WASHINGTON – Time is growing short for negotiators trying to piece together a farm bill by the end of the year, leading to speculation that the House and Senate may choose to adopt a temporary measure until the details can be worked out.
The House is slated to adjourn on Dec. 13, leaving only a handful of legislative days to work around issues like funding for the food stamp program. While the key participants — Sen. Debbie Stabenow (D-Mich.), Sen. Thad Cochran (R-Miss.), Rep. Frank Lucas (R-Okla.) and Rep. Collin Peterson (D-Minn.) — appear optimistic about reaching an agreement, a vote might have to wait until sometime in January.
House Speaker John Boehner (R-Ohio) said the lower chamber may vote on a one-month extension as early as Wednesday. Leadership notes that subsidy programs within the 2008 farm bill are slated to expire by the end of the year, meaning farmers may go without their checks if Congress fails to provide some extra time.
An extension is particularly crucial to the dairy industry. If lawmakers fail to pass a new bill or extend the old one by Jan. 1, dairy support programs will revert to a 1949 law that is expected to double wholesale milk prices to $7 or $8 a gallon.
But Senate Democratic Leader Harry Reid, of Nevada, who plans to keep the upper chamber in town until Dec. 20, splashed cold water on the extension plan Tuesday, asserting the proposal will not come up for a vote.
“Let them (the House) vote on it,” Reid said. “We’re not going to do it.”
Negotiators have been working on a plan since October. As expected, food stamp funding has proved to be the major hang-up. Last June, the House, mostly along party lines, rejected a proposed farm bill 234-195, with Republican critics maintaining cuts in the Supplemental Nutrition Assistance Program weren’t sufficient. Leadership responded by passing, and sending to the Senate, a new five-year farm bill without any food stamp provisions whatsoever, setting the stage for the conference committee.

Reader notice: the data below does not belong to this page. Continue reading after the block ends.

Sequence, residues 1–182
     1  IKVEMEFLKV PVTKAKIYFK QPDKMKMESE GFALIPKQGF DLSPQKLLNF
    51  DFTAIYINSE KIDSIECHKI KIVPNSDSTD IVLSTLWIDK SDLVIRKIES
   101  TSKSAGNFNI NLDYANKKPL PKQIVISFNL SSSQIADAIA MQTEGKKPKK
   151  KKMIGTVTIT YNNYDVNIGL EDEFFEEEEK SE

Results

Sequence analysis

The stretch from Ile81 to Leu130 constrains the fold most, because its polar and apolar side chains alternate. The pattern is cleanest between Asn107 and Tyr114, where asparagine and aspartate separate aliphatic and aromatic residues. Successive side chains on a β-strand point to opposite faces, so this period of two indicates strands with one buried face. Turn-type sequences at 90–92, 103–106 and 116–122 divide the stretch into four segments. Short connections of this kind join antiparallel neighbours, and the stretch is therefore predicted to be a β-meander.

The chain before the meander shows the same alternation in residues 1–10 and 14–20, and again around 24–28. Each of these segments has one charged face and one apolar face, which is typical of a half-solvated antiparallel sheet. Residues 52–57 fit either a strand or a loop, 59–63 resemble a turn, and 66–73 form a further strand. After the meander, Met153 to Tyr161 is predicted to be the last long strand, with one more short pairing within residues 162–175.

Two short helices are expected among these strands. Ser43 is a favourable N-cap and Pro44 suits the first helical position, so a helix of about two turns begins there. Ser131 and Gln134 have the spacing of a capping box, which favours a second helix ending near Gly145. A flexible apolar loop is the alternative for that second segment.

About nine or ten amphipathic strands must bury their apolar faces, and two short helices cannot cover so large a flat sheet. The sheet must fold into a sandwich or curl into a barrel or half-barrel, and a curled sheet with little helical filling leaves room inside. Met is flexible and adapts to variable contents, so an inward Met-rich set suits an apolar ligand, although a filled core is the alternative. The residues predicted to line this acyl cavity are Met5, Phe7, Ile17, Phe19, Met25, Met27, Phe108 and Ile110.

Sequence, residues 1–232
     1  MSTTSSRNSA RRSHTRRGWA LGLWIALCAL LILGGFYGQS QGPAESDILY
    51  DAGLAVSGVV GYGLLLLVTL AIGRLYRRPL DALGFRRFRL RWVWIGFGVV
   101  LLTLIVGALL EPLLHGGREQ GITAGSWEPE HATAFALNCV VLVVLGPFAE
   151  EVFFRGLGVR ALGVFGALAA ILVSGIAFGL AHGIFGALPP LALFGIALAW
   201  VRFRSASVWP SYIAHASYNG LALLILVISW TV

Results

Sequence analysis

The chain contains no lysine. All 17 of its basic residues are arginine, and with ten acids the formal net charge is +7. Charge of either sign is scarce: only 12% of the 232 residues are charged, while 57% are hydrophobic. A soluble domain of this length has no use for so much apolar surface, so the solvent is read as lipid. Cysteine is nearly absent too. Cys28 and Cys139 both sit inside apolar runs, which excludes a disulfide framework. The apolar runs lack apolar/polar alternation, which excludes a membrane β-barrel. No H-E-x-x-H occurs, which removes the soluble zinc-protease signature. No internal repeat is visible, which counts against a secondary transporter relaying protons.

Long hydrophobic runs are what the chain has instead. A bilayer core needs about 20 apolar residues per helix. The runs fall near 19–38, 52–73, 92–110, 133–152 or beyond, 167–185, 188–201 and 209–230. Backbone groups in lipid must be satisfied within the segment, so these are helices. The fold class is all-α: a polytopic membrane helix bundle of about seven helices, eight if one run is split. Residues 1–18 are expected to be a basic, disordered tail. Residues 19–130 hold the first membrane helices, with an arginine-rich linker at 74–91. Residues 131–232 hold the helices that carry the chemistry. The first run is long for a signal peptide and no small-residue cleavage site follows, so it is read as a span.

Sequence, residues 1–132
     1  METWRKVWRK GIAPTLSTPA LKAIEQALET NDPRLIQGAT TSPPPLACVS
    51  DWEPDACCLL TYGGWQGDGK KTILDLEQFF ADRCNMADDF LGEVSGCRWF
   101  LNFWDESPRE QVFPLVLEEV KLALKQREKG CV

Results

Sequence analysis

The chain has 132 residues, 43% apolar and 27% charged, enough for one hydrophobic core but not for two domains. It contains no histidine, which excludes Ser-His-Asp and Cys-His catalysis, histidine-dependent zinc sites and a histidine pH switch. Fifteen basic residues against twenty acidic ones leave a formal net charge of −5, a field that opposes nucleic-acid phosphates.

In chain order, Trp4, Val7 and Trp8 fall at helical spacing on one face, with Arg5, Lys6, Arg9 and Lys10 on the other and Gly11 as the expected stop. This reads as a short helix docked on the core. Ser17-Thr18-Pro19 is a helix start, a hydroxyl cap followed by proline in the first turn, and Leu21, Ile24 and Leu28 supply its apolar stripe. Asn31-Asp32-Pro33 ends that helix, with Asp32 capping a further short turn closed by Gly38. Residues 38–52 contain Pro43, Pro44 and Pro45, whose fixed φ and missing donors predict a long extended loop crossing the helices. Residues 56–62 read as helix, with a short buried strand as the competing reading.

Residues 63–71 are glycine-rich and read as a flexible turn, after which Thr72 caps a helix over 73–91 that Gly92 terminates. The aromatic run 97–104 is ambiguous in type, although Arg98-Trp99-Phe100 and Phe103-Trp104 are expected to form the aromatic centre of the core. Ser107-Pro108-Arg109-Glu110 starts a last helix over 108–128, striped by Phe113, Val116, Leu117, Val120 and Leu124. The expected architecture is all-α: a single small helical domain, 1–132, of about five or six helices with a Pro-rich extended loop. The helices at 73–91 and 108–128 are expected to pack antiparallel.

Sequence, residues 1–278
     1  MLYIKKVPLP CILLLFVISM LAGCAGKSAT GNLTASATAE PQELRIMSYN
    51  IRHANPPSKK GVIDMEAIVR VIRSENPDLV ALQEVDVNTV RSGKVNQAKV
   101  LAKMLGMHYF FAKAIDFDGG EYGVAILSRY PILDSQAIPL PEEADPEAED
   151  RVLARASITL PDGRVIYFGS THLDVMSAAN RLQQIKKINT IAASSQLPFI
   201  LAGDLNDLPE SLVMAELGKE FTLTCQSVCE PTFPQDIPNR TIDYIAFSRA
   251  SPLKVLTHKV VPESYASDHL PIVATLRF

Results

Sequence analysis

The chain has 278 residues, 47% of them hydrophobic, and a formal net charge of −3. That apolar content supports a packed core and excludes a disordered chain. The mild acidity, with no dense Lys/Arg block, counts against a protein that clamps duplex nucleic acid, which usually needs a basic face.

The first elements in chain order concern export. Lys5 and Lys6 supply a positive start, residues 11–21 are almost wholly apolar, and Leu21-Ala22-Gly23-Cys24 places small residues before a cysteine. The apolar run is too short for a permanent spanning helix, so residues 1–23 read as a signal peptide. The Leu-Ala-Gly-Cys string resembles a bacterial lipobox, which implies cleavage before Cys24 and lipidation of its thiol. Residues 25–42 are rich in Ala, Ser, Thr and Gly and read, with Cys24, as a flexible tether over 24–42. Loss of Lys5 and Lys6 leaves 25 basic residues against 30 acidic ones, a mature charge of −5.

The Senate bill proposed cutting the food stamp program by about $4 billion. The House originally sought a $20 billion reduction before the removal of the provision. It now appears the sum will come closer to the Senate package than the concept put forth by the House.
Peterson, the former chairman of the House Agriculture Committee and now the ranking member, told InForum, a North Dakota news website, that negotiators have reached an agreement on food stamp cuts but demurred on providing a figure, saying only that the deal hews “substantially closer to the Senate’s” targeted cuts.
But Peterson further acknowledged that a conference committee resolution doesn’t guarantee success and the future remains murky.
“I think it will pass the Senate, but I cannot guarantee you it will pass the House,” Peterson told the InForum editorial board. “They are not going to be happy with the food stamp cuts.”
Peterson expressed confidence that at least half of the House Democratic caucus will go along with the compromise. Some party members are likely to oppose the measure because they consider the food stamp cuts to be too drastic.
About 80 percent of the farm bill deals with the Supplemental Nutrition Assistance Program. As of 2013, more than 15 percent of the nation’s population received food assistance. Six states – Georgia, Kentucky, Louisiana, New Mexico, Oregon and Tennessee – plus the District of Columbia reported that more than 20 percent of their residents were on food stamps.
Critics, including Senate Republican Leader Mitch McConnell, of Kentucky, complain that the farm bill has been transformed into little more than food stamp legislation that is far too generous, completely overshadowing agriculture policy.
“In the Senate bill, it just largely became a food stamp bill with production agriculture kind of stuck on as an afterthought,” McConnell told reporters after an appearance before the Kentucky Farm Bureau on Saturday.
“We’ve had a massive, massive increase in food stamps during this administration,” McConnell said. “I mean massive. It really is outrageous. The administration, itself, has conceded it privately. And that has made it very challenging to try to figure out how to piece this together.”
McConnell, who voted against the Senate measure and has received criticism from local agriculture interests because of it, expressed support for requiring food stamp recipients to work, maintaining it could spur the nation’s economy.
“We need to move in the direction of having a vibrant, productive, expanding economy,” McConnell said. “And you don’t do that by making it excessively easy to be non-productive.”